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By Christopher Curry | October 24, 2005

Two French lovelies twist, turn and weave their car through a veritable labyrinth of countryside road work. Road work that would surely be better suited for a theme park rather than any point A to point B travel. This maniacal mess of pavement leads the girls straight to a castle, in fact it is soon discovered that all roads through the forest lead to this ancient, gothic manor, a fact that lends the film its first air of the supernatural.

Once at the castle, the girls are formally introduced to Gurth and Morgana. Gurth is a wretched little dwarf (the only male in the film) who wears entirely too much eyeliner, but by contrast, the striking Morgana wears entirely too much clothing. Morgana is a fiery redhead who not only heads up this medieval dwelling, but also takes little haste in letting the girls know exactly what she desires.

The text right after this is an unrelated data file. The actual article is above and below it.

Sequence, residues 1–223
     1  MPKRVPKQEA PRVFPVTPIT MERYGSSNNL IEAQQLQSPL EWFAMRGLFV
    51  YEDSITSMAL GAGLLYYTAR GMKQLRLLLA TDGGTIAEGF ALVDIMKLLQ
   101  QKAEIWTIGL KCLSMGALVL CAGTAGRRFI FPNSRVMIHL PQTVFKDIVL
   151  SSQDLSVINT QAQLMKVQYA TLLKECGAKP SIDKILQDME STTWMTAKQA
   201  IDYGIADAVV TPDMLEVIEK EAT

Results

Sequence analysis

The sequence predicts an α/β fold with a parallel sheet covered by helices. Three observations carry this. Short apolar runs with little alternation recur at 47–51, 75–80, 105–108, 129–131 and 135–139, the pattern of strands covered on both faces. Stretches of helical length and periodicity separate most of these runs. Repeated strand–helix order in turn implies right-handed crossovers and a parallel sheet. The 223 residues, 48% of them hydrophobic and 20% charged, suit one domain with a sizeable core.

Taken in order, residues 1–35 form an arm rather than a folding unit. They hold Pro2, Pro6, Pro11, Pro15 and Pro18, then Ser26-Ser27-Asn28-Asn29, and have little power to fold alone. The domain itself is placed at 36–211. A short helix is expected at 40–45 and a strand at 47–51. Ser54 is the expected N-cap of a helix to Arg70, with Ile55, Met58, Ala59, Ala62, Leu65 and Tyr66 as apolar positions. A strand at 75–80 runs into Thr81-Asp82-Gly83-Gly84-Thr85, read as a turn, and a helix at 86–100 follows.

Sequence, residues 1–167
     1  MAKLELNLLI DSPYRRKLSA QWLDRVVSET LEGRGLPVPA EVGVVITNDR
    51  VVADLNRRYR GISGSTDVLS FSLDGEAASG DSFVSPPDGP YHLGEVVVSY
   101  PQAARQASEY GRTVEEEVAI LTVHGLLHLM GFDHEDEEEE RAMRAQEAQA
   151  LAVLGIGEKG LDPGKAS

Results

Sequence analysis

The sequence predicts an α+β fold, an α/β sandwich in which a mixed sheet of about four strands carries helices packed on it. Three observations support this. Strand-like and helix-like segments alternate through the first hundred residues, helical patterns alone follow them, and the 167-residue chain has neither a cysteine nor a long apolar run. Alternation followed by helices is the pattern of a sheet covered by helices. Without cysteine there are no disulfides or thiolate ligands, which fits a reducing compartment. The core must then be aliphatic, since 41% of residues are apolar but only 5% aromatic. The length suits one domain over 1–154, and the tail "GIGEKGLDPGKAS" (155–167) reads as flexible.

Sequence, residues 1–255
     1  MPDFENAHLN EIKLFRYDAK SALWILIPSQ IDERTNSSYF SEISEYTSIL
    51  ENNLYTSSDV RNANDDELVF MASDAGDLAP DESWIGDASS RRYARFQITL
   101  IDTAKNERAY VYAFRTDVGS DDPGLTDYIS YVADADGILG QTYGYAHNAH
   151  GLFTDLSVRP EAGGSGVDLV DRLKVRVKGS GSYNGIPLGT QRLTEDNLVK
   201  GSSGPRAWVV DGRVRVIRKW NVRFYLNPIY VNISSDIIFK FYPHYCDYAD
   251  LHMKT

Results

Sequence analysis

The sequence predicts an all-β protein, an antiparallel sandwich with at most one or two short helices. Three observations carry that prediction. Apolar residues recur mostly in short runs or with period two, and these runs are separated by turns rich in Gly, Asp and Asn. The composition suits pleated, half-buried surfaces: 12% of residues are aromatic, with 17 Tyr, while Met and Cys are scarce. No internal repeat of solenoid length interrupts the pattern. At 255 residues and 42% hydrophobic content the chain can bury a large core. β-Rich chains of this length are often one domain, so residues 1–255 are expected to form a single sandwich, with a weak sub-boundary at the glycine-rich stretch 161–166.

Morgana wants to continue her ageless life and beauty by sucking the souls of her captives and in turn awarding them the very same agelessness and allure. If one declines her divine pact then off to the dungeon with them, where they will live out eternity old and, presumably, ugly. Morgana has apparently learned this self-serving, magical trick of the trade from Merlin the magician. More mysticism and magic. Kind of a Countess Bathory story, but without the mess.

The set-up is simple, yet effective; a coterie of naked beauties bound in eerie ruins overseen by a dominant sex kitten with the only testosterone in sight being that of a hunchbacked half-pint. With that the film is packed to the hilt with heavy petting, licking, kissing and fondling. It’s dreamy and ethereal, it’s titillating and erotic but not nearly as exploitative as it could have been. The film manages to step just outside of its sleazy trappings to offer up something wispy and soft, a bit psychedelic and yet still incredibly sexy. Think Jean Rollin mixed with a modicum of the classier Jess Franco.

Mondo Macabro’s special features include: Deleted scenes, an interview with the film’s director, subtitles, trailers, extensive liner notes, a poster gallery and Bruno Gantillon’s short, “An Artistic Couple”.

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